How Does Fuel Get to Northern Virginia?

Fuel transport in Northern Virginia was very simple, until technological advances with oil, natural gas, and electricity complicated life about a century ago. Until after World War I, residents of Northern Virginia generated their energy on a very distributed - and sustainable - model.

In Native American society, the assumption is that each family unit gathered the amount of fuel they considered necessary to generate heat in an individual house. Each family had complete control over how much fuel was actually used each day. There was a clear feedback loop - if the family wanted more heat, someone in the family had to work harder to gather the fuel required to generate more heat. Cooking was done with the same fuel as heatring, though the cooking fire may have been outside the home.

Fuel was from a local source. After a few years, easy-to-gather wood would have been exhausted, and cutting large branches or whole trees with stone/bone tools was probably not a popular solution. Most history texts suggest Native Americans moved their towns every few years due to soil exhaustion - but a more important factor may have been the need to obtain firewood.

Small fires were kept burning constantly in individual houses, even during summer months. The smoke and heat kept bugs away, and kept the bark/reed building dry so mold would not grow. At mealtimes, additional fires would be used for cooking outside - equivalent to using modern "baseload" plants to provide steady heat plus "peaking" power plants at mealtimes today.

Native American fire ring inside house

gas pipeline west of Centreville The European settlers followed a similar pattern. Though much of the forest was cleared for agriculture, each farm retained a woodlot large enough to grow a renewed supply of energy to match whatever was used each year. Today, a few Northern Virginians still use wood stoves to provide auxiliary heat in their homes - though they may pay outrageous amounts of money for a "cord" of firewood that is supposed to be 128 cubic feet (4 feet long, 4 feet wide, and 8 feet high, ignoring air spaces between the logs).

Today, most Northern Virginia homes get their primary heat from fuel oil, natural gas, or electricity (baseboard heaters or heat pumps). In less than a century, we have altered our dwellings and our lifestyles dramatically. This ability to adjust is a source of encouragement to those who propose a major shift away from fossil fuels, in order to reduce global warming and increase reliance on domestic energy sources.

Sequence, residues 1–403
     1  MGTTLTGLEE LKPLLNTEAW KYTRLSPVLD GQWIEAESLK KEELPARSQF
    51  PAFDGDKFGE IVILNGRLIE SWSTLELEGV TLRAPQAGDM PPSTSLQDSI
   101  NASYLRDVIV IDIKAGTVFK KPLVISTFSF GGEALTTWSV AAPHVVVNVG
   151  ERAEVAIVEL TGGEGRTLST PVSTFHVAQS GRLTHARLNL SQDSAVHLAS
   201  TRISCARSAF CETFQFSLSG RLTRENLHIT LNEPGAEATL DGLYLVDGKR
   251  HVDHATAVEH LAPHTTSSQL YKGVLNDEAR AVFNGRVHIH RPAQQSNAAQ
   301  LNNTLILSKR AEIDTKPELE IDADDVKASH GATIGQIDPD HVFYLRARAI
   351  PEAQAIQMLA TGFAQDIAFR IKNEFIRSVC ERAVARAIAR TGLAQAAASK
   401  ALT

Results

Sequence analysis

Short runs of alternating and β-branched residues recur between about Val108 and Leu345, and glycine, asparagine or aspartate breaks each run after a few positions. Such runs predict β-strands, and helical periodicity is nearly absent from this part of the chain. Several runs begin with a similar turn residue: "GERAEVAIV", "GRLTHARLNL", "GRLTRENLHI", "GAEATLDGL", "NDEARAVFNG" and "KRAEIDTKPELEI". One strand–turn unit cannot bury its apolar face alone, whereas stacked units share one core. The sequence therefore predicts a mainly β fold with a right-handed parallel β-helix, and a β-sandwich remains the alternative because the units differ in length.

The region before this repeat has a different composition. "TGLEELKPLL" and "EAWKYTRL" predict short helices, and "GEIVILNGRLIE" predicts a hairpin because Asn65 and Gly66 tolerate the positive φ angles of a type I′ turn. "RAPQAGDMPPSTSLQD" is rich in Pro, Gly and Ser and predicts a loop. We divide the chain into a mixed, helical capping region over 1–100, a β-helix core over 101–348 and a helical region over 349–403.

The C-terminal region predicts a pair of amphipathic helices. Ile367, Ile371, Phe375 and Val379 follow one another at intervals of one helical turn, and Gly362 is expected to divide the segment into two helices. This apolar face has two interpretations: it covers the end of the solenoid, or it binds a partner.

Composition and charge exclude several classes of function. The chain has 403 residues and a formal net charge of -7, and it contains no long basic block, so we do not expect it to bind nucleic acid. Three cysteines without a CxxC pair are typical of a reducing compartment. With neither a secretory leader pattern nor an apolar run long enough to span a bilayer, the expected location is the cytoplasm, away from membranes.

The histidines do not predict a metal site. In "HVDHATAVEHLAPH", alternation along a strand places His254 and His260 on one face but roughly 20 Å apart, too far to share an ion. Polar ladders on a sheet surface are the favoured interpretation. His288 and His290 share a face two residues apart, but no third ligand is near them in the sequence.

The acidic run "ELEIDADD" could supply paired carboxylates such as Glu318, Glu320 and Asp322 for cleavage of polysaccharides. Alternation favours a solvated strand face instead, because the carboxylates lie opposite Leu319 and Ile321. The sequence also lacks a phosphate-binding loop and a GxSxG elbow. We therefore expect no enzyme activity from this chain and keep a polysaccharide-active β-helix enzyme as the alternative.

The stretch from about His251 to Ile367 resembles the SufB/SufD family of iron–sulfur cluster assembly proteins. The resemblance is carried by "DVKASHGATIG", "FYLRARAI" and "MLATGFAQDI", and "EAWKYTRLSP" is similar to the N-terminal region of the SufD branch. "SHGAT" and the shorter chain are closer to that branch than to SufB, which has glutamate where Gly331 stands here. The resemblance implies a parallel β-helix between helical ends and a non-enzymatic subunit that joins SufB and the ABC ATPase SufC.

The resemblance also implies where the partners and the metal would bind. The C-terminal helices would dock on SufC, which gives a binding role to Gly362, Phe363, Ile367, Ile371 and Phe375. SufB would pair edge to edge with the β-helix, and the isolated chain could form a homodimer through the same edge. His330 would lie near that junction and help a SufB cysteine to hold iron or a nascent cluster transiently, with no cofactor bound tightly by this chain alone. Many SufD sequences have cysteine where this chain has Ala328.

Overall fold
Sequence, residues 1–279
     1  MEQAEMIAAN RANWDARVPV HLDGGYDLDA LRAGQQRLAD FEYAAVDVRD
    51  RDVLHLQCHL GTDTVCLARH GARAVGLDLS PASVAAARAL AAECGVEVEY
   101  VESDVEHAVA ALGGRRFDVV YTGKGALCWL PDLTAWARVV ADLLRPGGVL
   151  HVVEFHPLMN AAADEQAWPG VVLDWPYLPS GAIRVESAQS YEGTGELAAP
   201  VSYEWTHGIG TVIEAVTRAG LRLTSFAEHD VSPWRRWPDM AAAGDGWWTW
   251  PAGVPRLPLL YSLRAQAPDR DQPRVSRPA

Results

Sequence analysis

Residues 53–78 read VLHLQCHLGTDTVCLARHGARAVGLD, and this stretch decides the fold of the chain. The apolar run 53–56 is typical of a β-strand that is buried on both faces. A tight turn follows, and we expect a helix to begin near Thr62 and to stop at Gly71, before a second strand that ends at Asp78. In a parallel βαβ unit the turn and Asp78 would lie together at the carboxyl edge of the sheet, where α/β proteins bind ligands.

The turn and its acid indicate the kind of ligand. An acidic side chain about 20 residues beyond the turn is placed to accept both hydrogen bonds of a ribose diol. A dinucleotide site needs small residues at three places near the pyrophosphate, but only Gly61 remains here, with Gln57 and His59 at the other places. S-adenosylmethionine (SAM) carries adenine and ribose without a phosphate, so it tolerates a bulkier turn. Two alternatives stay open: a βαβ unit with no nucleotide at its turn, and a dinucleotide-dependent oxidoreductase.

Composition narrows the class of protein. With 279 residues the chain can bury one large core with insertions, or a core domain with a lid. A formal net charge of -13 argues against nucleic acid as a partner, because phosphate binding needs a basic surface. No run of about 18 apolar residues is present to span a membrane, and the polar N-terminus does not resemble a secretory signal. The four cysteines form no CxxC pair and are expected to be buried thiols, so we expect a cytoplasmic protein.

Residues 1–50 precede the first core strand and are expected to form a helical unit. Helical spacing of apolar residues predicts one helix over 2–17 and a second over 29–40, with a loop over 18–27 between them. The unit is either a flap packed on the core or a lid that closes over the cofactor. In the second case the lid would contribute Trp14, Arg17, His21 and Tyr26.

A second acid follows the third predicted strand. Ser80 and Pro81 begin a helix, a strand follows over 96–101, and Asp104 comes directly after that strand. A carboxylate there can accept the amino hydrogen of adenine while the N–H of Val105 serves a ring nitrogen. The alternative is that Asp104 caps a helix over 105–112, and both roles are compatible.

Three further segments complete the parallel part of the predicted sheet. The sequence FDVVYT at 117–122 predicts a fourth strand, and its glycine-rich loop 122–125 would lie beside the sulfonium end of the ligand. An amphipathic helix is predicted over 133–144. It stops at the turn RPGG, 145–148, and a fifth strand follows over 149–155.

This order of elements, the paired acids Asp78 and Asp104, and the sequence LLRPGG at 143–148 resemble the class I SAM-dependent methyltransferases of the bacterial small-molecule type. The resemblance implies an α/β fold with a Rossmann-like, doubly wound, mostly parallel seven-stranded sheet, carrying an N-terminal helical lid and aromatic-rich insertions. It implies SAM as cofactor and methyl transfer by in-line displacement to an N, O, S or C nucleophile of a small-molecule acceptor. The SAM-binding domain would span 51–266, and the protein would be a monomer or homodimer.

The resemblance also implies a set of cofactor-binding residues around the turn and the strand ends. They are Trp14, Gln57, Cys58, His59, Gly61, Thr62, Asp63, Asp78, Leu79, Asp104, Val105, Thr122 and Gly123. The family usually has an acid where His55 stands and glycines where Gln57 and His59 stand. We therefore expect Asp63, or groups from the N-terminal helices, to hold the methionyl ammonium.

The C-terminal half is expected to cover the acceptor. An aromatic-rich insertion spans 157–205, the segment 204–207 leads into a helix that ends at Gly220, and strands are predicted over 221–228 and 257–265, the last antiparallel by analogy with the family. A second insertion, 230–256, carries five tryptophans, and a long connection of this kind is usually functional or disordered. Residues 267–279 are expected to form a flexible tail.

Today, fuel oil is delivered by pipelines from refineries in Texas/Louisiana to "tank farms," such as the one on Pickett Road near Route 236 in Fairfax. Most of these pipelines were built in just the last 75 years. Oil trucks are loaded at tank farms, then carry the fuel oil on local streets to small storage tanks at individual houses. Furnaces in indivudual houses burn the oil to generate heat. Production and refining is centralized, and transportation relies upon a fixed infrastructure to the tank farm. Storage occurs in regional tank farms and in tanks at individual houses. Final use of fuel oil for heat occurs at individual houses.

All this is "duh, obvious" to adults who live in Northern Virginia, but so obvious that we forget to note how much our modern energy transport and use is centralized vs. decentralized.

Natural gas is also used at individual houses, but distribution is different. While much of the fuel oil used in Northern Virginia is refined from imported crude at a few locations near the Gulf of Mexico (and there are refineries in New Jersey), most of the natural gas use in our area is produced in the United States or Canada. Importing gas from Algeria and other foreign sources requires liquifying the gas under pressure, then shipping it in vessels that are essentially giant thermos bottles to keep the gas in liquefied form. A Liquified Natural Gas (LNG) terminal is located at Cove Point, Maryland, near Calvert Cliffs. Pipelines do connect that source of imported gas to Northern Virginia, including to the Possum Point electricity generating plant near Dumfries.

Natural gas is piped directly to individual houses through a network of pipelines that stretch across the entire country. No natural gas trucks are used to deliver that particular fuel the "last mile" to the customer, because natural gas has a low energy-to-volume ratio. Fuel oil customers get a big bill once or twice a year when the oil is delivered to the local storage tank, but customers using natural gas simply turn on the furnace and draw the fuel from pipelines stretching across multiple states. The gas is stored in the pipes, waiting for the customer to request it.

Cove Point
Cove Point - site of LNG terminal
Source: Mapquest